“My shower at home has a seat in it, but none of the showers here do,” Nelson said. “I’ve gotten used to it, but at first it was difficult to stand the whole time.”

Even though Park Region was accessible for Nelson, the inaccessibility of the other dorms made it hard to visit friends. There are also no non-apartment dorm buildings for men who are handicapped to live in.

And these problems aren’t just limited to students with long-term disabilities. Kyle Quimby, a senior majoring in graphic design, has had to deal with crutches several times from soccer injuries.

“Yeah…living in Erickson was hard,” Quimby said. “I was on crutches at the time and had to go up and down all those stairs. It wasn’t that difficult but just really annoying.”

The other thing that Quimby found challenging was the amount of time it took to get everywhere.

“Even though we have a small campus, it takes twice as long and it’s twice as tiring when you’re crutching,” he said.

Other problems that Nelson brought up are the built-in seating in Ivers and Jones that don’t offer enough room for walking between the seats or even sitting in.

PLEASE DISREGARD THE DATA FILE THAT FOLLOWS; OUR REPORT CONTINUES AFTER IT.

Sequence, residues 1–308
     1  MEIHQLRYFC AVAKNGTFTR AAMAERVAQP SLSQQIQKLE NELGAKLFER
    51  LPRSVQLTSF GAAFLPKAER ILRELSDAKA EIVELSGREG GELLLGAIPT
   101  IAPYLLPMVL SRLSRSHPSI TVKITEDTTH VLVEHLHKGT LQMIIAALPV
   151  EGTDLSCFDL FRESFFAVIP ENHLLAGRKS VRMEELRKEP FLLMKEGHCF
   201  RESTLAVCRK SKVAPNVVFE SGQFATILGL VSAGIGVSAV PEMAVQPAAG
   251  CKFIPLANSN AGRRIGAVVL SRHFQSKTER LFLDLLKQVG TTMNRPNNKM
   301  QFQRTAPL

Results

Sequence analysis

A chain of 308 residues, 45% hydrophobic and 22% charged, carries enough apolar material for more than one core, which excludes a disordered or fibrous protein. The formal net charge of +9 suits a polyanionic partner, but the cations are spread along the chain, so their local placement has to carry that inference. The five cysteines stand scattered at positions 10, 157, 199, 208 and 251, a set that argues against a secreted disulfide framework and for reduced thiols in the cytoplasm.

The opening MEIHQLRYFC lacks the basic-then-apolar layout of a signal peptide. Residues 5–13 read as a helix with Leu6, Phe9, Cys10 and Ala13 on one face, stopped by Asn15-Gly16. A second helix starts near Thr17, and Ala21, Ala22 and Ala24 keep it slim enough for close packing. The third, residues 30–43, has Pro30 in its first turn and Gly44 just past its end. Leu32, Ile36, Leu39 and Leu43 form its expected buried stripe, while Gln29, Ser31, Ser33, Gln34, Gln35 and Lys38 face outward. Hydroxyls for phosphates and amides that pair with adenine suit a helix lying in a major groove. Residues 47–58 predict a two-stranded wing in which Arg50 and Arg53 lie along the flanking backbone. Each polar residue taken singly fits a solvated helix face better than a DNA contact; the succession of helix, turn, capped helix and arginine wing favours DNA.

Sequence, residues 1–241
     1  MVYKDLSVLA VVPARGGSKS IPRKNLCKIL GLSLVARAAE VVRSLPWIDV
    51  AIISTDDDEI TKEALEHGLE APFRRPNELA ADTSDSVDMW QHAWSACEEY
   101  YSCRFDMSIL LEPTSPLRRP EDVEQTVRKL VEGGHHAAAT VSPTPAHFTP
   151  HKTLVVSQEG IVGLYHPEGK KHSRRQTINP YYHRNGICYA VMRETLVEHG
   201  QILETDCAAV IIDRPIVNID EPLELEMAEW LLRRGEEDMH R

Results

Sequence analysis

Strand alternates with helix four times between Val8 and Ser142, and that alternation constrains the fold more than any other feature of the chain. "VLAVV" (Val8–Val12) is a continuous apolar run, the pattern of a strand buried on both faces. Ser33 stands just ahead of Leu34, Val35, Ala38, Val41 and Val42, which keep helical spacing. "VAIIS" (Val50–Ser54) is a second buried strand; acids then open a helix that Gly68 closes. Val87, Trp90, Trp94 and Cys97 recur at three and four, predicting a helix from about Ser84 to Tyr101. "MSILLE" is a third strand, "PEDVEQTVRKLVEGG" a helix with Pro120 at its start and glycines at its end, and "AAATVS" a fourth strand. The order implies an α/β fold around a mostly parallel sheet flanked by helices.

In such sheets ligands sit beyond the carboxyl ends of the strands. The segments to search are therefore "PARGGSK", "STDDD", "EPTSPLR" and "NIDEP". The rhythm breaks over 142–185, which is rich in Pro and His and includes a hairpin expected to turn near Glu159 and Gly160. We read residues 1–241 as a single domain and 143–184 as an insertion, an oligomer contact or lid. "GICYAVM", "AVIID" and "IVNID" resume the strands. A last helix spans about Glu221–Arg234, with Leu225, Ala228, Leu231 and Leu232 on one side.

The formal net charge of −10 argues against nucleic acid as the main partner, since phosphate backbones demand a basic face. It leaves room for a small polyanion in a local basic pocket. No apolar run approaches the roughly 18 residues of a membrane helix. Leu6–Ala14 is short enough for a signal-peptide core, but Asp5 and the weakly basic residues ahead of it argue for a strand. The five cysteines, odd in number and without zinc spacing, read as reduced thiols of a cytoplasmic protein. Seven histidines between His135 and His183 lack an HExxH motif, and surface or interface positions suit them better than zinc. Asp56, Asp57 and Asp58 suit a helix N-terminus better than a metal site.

“Since my one knee doesn’t bend, usually I have to just sit sideways,” she said.

Also, although the new Dining Services has plenty of space for students in wheelchairs or crutches to get around, Nelson is still unable to reach some of the food.

These struggles aren’t only limited to students either.

Dawn Duncan, an English professor at Concordia, has had a prosthetic knee for the last several years. And while she readily admits that there have been huge improvements made on campus recently, there are still some things she’d like to see get changed.

The problem that Duncan believes needs to be dealt with most is the lack of handicap parking spaces on campus. Often when she gets to school, cars will be double parked in the few handicap spaces available, and during the winter time, large snow piles tend to accumulate over the handicap parking spots.

“One time, all of the handicap parking spaces were full so I had to park a couple blocks away,” Duncan said. “I had to call my secretary to come get me from my car.”